Why are people drinking Martinis again?

The Martini is in vogue, again; it might be the panacea for modern life.

Why are people drinking Martinis again?

I’ve been drinking Martinis. Maybe it’s a sign of the times we’re in; perhaps that’s just what happens as one approaches 40 years of age — the drinks you drink get a little more character as you (hopefully) do too.

I like the Martini for what it’s not: it’s not easy to make and it isn’t easy to drink; the first sip on an unprepared palate — that is, your first drink of the evening — can cause you to recoil as the cold drink unwinds on your tongue, the alcohol hits as it is rendered warm in your mouth, and the vapours of juniper and vermouth fly to the back of your nose. The second sip is easier, and by the third? They’re sliding.

It’s a difficult drink because it’s an old fashioned taste, and it takes care and time to make — convenience be damned. In a time when we need not leave the house because everything — drinks, food, booze, whatever — comes to our front door, there is no app for the Martini. It can’t be improved upon (though no doubt you know a bartender who has tried); it can only be served colder or warmer, perhaps a little more wet or dry — perhaps, as we have it below, with a dash of bitters.

That is why I find it puzzling that the Martini seems to be having a resurgence of sorts. Don’t get me wrong — it’s a welcome development, but it’s odd nonetheless. Maybe that’s because we’ve got to find a place for all the bloody gin on our shelves these days and most of them don’t play well with tonic; the Martini is about the gin and if the gin is good the Martini will be fine. Or maybe it’s a reaction to the easy-drinking (read: without character) alcoholic seltzers that seem to be sweeping across the landscape. Perhaps the vogue for the Martini is simply a reaction to the frippery and ostentatious drinks designed for Instagram first and flavour second.

Then again, it might be as simple as this: we've had a rough couple of pandemic years, and we could all go a proper drink.

I’m definitely seeing more of them in bars. Many bars are batching their Martinis for quick service — a practice that has its detractors, sure, but if you’re not picky with how you have yours it works just fine; give it to me cold and give it to me quick (just get that dilution right).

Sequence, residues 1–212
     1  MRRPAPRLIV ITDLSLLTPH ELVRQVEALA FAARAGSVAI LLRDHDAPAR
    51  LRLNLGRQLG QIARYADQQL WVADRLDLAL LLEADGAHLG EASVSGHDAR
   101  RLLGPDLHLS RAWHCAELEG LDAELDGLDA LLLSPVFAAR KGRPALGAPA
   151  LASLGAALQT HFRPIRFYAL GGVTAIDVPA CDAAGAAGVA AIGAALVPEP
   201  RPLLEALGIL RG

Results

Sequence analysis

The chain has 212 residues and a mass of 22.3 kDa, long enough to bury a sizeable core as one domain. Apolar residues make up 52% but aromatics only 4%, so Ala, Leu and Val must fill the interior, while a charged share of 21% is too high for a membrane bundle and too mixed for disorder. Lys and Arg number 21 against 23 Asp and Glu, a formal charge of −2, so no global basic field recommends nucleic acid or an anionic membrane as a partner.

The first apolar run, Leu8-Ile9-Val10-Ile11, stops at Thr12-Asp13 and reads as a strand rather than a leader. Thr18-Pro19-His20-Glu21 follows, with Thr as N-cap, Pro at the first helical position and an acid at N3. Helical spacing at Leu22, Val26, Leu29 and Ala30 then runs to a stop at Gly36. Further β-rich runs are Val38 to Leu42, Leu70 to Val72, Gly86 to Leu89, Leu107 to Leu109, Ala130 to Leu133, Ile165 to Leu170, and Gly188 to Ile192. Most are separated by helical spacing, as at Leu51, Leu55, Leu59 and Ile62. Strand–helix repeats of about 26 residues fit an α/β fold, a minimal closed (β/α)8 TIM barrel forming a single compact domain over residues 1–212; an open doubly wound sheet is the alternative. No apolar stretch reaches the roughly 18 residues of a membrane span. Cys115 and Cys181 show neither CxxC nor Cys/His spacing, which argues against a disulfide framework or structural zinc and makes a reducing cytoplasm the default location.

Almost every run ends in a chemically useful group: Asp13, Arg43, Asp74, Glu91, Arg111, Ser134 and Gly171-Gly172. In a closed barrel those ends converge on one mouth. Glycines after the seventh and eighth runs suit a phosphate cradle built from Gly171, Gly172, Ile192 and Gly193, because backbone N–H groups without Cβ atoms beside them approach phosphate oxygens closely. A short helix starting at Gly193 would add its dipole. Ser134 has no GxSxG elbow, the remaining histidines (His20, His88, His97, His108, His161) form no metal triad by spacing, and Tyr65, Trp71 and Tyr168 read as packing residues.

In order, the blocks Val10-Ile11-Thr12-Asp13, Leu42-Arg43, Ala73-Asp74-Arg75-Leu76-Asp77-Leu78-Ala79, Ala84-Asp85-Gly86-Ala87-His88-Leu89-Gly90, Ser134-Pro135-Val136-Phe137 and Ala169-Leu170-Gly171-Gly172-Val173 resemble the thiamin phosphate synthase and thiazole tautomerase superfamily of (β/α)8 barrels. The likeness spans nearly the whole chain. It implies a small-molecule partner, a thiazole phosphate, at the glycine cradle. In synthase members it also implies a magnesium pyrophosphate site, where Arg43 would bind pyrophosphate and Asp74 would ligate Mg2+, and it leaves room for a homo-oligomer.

Caretaker’s Cottage in Melbourne have put their Martini front and centre of their offering and they make it very, very cold — frosted ice clings to the glass; Maybe Sammy have made a virtue of mini Martinis; and the newly opened Bar Planet in Newtown is all about the Martini, which they pour with pizzaz — and at a great height — from a porrón, a glass pitcher of Spanish origins.

Here’s the other thing I like about the Martini: it is one of the few cocktails you can order at the bar which has the bartender asking for your specs.  Gin or vodka? Which gin would you like? Wet or dry? Twist or olive? One last customisation I wish I’d hear offered more, however, is for a dash of bitters — it’s an inclusion you’d find from the earliest days of the Martini back before 1900, and it does a lot to bring the drink together.

Perhaps it's that ability to make the drink yours, to have it your way, that is behind its resurgence — we've never been as savvy about drinks, as a population, as we are today, and there's a reason they call the Martini the king of cocktails.

The Martini made with Bombay Sapphire Premier Cru. Photo: Boothby
The Martini made with Bombay Sapphire Premier Cru. Photo: Boothby

The Martini


  • 60ml Bombay Sapphire Premier Cru
  • 10ml Noilly Prat dry vermouth
  • a dash of bitters (orange bitters, Angostura, Peychaud’s — take your pick)


  1. Add ice, bitters, vermouth and Bombay Sapphire Premier Cru to a mixing glass.
  2. Stir briskly, between 30 seconds and 1 minute — make it cold!
  3. Strain into a very cold glass.
  4. Garnish with a twist of lemon.

Bombay Sapphire Premier Cru Murcian Lemon celebrates the beautiful Spanish region of Murcia, where the lemon peel found in the signature Bombay Sapphire gin originates from. Held at a higher ABV of 47%, Bombay Sapphire Premier Cru is bold and bright while remaining remarkably smooth and refined. With a complex yet balanced flavour profile providing a unique citrus foundation for a variety of creative cocktails, Bombay Sapphire Premier Cru is the perfect gin to transform any occasion into something truly special.